The Time John McCain And Lindsey Graham Relayed Bad Intelligence On A Sunday Talk Show

The duo are attacking Susan Rice for giving bad information on a Sunday show. "He is lying, Tim, when he says he doesn’t have weapons of mass destruction."

Senators John McCain and Lindsey Graham expressed continued concerns this week after meeting with Ambassador Susan Rice regarding her comments on high-profile Sunday shows in September about the deadly Sept. 11 attack on the U.S. Consulate in Benghazi.

Both men continued to pledge to block her nomination should she be appointed Secretary of State, with Senator McCain saying, "She's not qualified," while accusing Rice of deliberately "misleading the American people." After meeting with Rice, Graham noted he was "more disturbed now than I was before," adding her appearances on Sunday shows were "disconnected from reality."

The episode, however, has clear echoes of McCain's and Graham's own moments of relaying bad intelligence on Sunday shows based on an inaccurate conclusion from the intelligence community.

In the 2003 lead-up to the Iraq War, McCain and Graham made appearances on Sunday talks shows such as Meet the Press, Fox News Sunday, and Face the Nation where they made the case that Saddam Hussein had weapons of mass destruction and would not hesitate to use them.

"He is lying, Tim, when he says he doesn’t have weapons of mass destruction," Lindsay Graham said on Meet the Press on March 2, 2003. "For 12 years now, we’ve been playing this game, trying to get this man to part with his weapons of mass destruction."

Later, responding to a question from then-host Tim Russert about reports Saddam was destroying certain missiles to comply with the United Nations, Graham emphasized intelligence showing presence of chemical weapons.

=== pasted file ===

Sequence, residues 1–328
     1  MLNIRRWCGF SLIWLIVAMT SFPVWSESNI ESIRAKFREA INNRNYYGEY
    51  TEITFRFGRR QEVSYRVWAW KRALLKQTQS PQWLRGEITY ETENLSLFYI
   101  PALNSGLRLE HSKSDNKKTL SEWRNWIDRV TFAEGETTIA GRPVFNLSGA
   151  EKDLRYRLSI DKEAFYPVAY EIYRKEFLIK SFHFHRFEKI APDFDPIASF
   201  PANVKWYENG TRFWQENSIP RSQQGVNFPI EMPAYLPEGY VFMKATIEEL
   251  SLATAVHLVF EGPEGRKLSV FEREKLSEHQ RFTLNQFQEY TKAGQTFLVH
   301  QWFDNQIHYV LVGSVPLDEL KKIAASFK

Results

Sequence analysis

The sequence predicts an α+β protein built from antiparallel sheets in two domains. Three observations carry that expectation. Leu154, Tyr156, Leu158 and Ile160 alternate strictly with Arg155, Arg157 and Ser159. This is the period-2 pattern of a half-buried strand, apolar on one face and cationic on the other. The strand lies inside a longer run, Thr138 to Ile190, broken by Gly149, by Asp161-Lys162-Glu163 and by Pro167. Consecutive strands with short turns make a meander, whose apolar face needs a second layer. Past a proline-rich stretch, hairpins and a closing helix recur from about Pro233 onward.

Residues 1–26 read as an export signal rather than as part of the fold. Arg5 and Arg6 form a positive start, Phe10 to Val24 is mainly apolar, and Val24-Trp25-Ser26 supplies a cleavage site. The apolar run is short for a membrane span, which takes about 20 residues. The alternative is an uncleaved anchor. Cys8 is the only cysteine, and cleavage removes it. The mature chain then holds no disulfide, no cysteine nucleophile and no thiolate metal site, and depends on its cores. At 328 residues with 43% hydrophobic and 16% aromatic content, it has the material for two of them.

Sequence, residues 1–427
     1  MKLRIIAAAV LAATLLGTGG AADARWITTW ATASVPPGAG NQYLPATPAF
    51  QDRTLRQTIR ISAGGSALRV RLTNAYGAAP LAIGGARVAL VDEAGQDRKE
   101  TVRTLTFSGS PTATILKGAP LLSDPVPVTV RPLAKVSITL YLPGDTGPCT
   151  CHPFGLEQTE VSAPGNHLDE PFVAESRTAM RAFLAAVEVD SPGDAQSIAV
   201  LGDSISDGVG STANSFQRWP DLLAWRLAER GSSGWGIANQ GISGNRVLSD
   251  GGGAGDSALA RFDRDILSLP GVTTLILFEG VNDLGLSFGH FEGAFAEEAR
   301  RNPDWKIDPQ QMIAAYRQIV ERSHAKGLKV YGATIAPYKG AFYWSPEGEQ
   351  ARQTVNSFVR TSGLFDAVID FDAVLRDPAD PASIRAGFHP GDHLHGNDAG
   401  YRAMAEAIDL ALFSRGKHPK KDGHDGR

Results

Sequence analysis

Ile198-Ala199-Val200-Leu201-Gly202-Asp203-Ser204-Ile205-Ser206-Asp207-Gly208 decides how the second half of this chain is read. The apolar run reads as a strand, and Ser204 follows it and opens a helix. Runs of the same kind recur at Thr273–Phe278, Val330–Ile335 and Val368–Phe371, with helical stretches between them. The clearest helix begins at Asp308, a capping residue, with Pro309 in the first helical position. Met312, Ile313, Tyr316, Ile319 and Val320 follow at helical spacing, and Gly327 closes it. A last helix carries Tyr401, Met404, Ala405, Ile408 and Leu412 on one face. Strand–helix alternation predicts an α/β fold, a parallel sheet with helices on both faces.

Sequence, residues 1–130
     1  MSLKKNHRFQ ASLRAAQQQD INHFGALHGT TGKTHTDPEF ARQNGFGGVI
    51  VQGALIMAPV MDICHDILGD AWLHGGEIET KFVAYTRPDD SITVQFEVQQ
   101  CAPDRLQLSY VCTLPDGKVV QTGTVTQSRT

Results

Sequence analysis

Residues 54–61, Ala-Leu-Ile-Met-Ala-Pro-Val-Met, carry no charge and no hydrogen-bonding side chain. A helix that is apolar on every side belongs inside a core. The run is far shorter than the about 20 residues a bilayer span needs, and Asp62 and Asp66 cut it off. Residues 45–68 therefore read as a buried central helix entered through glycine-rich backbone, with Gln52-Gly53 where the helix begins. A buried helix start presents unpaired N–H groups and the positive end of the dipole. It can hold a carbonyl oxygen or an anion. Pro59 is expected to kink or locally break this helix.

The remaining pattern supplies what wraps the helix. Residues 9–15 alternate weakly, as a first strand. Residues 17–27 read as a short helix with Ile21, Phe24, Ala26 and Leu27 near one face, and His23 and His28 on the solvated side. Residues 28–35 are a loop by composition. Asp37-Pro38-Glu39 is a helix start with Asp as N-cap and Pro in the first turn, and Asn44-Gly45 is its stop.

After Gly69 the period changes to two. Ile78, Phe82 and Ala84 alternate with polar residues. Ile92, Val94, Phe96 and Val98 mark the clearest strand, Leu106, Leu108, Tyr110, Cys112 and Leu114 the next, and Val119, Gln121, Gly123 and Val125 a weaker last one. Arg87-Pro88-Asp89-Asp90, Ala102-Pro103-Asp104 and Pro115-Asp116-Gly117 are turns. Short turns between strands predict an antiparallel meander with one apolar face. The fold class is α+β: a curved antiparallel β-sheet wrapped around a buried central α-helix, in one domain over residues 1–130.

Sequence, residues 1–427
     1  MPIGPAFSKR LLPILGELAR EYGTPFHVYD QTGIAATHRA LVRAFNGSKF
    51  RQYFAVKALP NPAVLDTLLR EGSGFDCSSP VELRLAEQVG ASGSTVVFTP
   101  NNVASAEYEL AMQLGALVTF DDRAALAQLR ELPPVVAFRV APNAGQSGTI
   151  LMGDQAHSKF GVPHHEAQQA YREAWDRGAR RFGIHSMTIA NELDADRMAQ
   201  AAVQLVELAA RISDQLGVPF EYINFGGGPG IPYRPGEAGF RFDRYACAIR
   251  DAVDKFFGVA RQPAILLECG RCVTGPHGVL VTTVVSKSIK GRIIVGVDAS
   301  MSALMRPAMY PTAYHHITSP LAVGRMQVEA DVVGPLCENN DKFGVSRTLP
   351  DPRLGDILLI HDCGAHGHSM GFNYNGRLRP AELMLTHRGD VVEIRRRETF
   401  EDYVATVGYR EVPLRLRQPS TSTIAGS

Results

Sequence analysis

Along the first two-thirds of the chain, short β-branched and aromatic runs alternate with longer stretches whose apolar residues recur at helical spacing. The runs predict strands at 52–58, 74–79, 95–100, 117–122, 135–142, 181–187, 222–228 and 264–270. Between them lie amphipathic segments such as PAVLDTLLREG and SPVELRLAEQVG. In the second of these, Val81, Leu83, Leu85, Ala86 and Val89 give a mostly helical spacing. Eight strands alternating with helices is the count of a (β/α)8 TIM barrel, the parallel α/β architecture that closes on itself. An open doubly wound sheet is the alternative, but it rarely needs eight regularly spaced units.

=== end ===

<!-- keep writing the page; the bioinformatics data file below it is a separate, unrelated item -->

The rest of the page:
"He says, 'I really have none. I don’t have any weapons of mass destruction.' He failed to account for 26,000 liters of anthrax that we knew he was in possession of in 1998. He failed to account for 1.5 tons of VX nerve agent that could kill millions of people. He failed to account for 550 artillery shells with mustard gas. He has not accounted for things that we knew he once had. He is playing a game. The game is up, in my opinion, and we need to get on with the idea of disarming him and having a regime change, because it’s in our national interest."

McCain, in a Feb. 16, 2003, appearance on Face the Nation, also made the case for the war based on intelligence showing weapons of mass destruction, even responding to a question that the CIA might not have been straightforward with weapons information as "a very reckless charge."

"There's not a doubt in my mind that Saddam Hussein would give a weapon of mass destruction to a terrorist organization," McCain said. He added, "They have common cause in trying to destroy the United States of America."

McCain then said that should the United States decide to go in alone, the war would end quickly because of the weak Iraqi army, with the possibilities of Iraq firing a chemical weapon at Israel.

"I don't think his army will fight — house-to-house fighting requires the — the most PR-proficient discipline on the part of military people, and they don't have that," McCain said. "I think that we are taking into account those kinds of possibilities. His army is very weak. I believe that we will win. There are certainly wild cards, ranging from launching a chemical or biological weapon at Israel to the human shield situation. But I have no doubt that we will prevail."